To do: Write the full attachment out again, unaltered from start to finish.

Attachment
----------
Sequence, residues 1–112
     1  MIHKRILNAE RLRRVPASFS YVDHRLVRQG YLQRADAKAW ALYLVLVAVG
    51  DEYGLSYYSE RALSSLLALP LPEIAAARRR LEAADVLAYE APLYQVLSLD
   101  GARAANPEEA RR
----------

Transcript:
Sequence, residues 1–112
     1  MIHKRILNAE RLRRVPASFS YVDHRLVRQG YLQRADAKAW ALYLVLVAVG
    51  DEYGLSYYSE RALSSLLALP LPEIAAARRR LEAADVLAYE APLYQVLSLD
   101  GARAANPEEA RR